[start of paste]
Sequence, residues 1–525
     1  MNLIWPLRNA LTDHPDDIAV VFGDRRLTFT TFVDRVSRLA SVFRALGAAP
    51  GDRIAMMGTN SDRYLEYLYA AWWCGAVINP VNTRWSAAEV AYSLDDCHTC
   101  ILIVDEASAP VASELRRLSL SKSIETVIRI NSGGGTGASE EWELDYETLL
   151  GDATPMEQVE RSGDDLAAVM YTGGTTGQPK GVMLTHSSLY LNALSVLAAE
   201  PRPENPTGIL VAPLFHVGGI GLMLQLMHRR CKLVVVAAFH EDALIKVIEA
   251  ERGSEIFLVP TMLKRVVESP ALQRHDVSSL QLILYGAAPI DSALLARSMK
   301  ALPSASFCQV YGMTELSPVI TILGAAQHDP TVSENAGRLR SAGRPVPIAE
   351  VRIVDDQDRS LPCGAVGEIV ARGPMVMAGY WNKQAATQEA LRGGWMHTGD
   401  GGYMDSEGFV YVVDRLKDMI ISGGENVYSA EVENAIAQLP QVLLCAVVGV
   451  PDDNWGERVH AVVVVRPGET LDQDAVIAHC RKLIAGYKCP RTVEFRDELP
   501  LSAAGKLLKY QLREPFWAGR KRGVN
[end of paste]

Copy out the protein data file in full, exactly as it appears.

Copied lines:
Sequence, residues 1–525
     1  MNLIWPLRNA LTDHPDDIAV VFGDRRLTFT TFVDRVSRLA SVFRALGAAP
    51  GDRIAMMGTN SDRYLEYLYA AWWCGAVINP VNTRWSAAEV AYSLDDCHTC
   101  ILIVDEASAP VASELRRLSL SKSIETVIRI NSGGGTGASE EWELDYETLL
   151  GDATPMEQVE RSGDDLAAVM YTGGTTGQPK GVMLTHSSLY LNALSVLAAE
   201  PRPENPTGIL VAPLFHVGGI GLMLQLMHRR CKLVVVAAFH EDALIKVIEA
   251  ERGSEIFLVP TMLKRVVESP ALQRHDVSSL QLILYGAAPI DSALLARSMK
   301  ALPSASFCQV YGMTELSPVI TILGAAQHDP TVSENAGRLR SAGRPVPIAE
   351  VRIVDDQDRS LPCGAVGEIV ARGPMVMAGY WNKQAATQEA LRGGWMHTGD
   401  GGYMDSEGFV YVVDRLKDMI ISGGENVYSA EVENAIAQLP QVLLCAVVGV
   451  PDDNWGERVH AVVVVRPGET LDQDAVIAHC RKLIAGYKCP RTVEFRDELP
   501  LSAAGKLLKY QLREPFWAGR KRGVN